As I write the latest count shows that Biden has crept into the lead in Georgia. If that holds up he would be the first Democrat to win the state since Bill Clinton in 1992. But it isn't really surprising, since elections over the past decade have seen Democratic candidates for governor and senator getting ever closer to winning. Right now it looks like both Georgia senate races will go to run-offs, and though Republicans would have the edge in both races they are very close, which shows the state becoming truly competitive again.
As to why, the experts mostly point to demographics. Georgia has about 10 million people, 6 million of whom live in metropolitan Atlanta. The population has more than doubled since 1970, with most of that growth in the Atlanta metro.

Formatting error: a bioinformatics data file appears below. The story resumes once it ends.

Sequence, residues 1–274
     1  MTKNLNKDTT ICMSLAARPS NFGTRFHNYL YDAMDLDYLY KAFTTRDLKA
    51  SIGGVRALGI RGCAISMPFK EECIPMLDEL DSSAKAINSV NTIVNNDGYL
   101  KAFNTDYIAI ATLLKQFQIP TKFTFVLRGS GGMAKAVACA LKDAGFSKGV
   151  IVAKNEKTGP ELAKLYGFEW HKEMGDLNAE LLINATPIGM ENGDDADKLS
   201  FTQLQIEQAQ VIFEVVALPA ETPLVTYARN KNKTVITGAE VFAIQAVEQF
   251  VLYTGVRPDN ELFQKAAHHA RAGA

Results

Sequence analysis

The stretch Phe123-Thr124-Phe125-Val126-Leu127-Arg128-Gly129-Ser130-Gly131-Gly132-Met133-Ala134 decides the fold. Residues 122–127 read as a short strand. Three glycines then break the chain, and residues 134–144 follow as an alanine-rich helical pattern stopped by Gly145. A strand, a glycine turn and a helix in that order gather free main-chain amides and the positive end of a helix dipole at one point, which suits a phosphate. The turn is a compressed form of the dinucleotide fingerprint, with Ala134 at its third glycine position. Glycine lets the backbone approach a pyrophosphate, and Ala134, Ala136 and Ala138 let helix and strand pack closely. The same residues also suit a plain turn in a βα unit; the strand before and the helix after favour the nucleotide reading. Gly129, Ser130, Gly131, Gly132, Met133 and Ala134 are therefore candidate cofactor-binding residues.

The racial breakdown is about 52% non-Hispanic white, 32% black, 6% Hispanic, 4% Asian; this totals to only 94%, which leaves 600,000 people of other, mostly mixed, ethnicity.
Besides immigrants from outside the US, Atlanta has had more than a million white and black Americans move there from other states, mostly in the northeast or midwest. It is the black migration back toward the south that attracts my notice, reversing 120 years of movement in the other direction. Those black people move to Atlanta for the same reason white people do, because they think they can make money, but also because it has a large black community that has produced many state and national leaders. It's a place where many black people are thriving, and where racial tensions are fairly muted, certainly no worse than in most northern cities.
For all intents and purposes, Atlanta is a national or world city like most big places in the US, having more in common with Houston, Indianapolis, or Denver than it does with rural Georgia. Because it so dominates the state, that moves the whole state away from old Dixie and toward national norms.